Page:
01-05-2017 11:59 PM
I am considering removing the 1tb Hitachi hard drive inside my Hp Omni allinone computer and replacing it with a solid state drive, but there's a few things I'm uncertain about. First off, I don't know if the Hitachi hard drive inside my system is the standard 3.5 size. Here are the models in my price range that I am considering...
So, they all appear to be similiar, which brings me to my next question. I'm thinking the hard drive in my all in one may be mounted inside there differently than what is standard, then if so, are there mounting brackets that will fasten down, hold the new drive in place properly, and still enough space for the back panel to snap down?
Then my last concern before I purchase anything is the resulting performance of installing the ssd. Since I still have the AMD E-450 processor that runs at a measly 1.6 Ghz. From my understanding, because the way these allinones are built, there isn't any options for processor/motherboard, or at least none I know of that would be considered an upgrade. So, with the same processor/motherboard in there, would there be enough performance improvement to justify the time, cost and effort in doing so? Or would I be better off running it as it is until it breaks, and building a pc that has the i7, ssd, msi or gigabyte motherboard, and other features I yearn for?
Solved! Go to Solution.
01-06-2017 03:06 AM
Here is a PC tour of the outside and inside of your Omni 120-1000 series AIO PC.
Click on the internal view.
The hard disk is a standard SATA legacy 3.5" hard disk with 7200 rpm rotational speed.
"Or would I be better off running it as it is until it breaks, and building a pc that has the i7, ssd, msi or gigabyte motherboard, and other features I yearn for?"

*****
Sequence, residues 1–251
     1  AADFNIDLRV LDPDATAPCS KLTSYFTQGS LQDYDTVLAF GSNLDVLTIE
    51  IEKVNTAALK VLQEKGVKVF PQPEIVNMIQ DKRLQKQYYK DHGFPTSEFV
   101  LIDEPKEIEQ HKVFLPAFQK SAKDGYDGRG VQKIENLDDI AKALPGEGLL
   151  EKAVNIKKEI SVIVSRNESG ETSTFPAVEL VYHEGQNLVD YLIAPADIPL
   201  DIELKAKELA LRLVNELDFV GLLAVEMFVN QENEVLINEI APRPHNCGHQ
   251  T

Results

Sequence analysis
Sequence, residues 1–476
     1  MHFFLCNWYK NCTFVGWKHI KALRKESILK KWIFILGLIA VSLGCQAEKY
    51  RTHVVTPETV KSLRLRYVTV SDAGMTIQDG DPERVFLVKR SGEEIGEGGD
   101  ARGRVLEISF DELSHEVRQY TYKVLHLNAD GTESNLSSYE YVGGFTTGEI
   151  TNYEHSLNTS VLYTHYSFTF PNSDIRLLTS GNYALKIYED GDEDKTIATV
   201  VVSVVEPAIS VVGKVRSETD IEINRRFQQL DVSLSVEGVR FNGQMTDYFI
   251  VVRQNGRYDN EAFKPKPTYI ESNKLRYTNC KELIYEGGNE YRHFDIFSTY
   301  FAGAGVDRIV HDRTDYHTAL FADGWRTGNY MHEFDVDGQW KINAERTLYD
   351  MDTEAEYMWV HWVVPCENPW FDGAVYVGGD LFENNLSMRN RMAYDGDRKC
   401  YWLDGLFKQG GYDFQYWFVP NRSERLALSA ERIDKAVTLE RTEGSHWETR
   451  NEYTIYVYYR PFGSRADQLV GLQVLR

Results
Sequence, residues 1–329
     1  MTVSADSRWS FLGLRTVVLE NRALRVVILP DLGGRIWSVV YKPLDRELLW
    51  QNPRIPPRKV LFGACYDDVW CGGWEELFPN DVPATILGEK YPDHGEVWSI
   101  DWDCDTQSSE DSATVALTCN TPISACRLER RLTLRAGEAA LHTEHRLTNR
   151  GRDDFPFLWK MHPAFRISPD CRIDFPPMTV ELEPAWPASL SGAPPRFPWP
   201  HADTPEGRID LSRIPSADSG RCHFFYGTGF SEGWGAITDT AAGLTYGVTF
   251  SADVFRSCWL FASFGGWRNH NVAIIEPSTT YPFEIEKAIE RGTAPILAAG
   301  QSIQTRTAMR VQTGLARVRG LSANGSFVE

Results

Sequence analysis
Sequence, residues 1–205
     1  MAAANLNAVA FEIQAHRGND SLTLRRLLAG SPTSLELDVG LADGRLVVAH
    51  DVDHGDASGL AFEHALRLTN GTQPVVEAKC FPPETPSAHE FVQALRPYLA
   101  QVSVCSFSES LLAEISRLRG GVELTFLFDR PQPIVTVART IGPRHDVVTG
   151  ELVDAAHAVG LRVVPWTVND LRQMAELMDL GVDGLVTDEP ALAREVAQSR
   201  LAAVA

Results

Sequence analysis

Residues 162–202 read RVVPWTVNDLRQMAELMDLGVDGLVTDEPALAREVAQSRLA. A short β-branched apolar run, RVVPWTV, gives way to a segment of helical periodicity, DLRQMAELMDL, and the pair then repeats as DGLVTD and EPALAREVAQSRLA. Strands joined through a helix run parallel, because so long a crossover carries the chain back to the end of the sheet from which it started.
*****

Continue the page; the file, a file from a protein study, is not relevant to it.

Yes. You would be better off waiting. My own preference is an ASUS ROG motherboards and M.2 NVMe SSD disks. That is what the one I am typing this on has inside.
There is no way I would consider putting $250+ into an upgrade of your AIO PC. I could not bring myself to do it.
There just is not enough return on your investment. It still won't be able to run the latest modern games which require processors with far more grunt and video processing power.
If your problem is solved or question answered by my post, please click the Accepted Solution button in that post.
01-06-2017 10:37 AM
That's what I was kind of thinking. I just don't believe in buying a new computer when the old still works. The only thing wrong with this HP Omni is it's not new anymore, and it's incredibly slow compared to i5's I'm using at school. Spending $300 on an ssd and extra ram just looked like a cheaper alternative to building one in the $1100-1300 range.
If I even get another 6 months out of this thing, the cost of ssd's should drop dramatically. My gf kind of wants a touch screen monitor, the earlier models are starting to get more affordable. Again, in a few more months, perhaps the higher resolution 4K monitors will be cheaper as well.
I think you're saving me a headache, trying to make a pony run like a horse. Thank you for your feedback.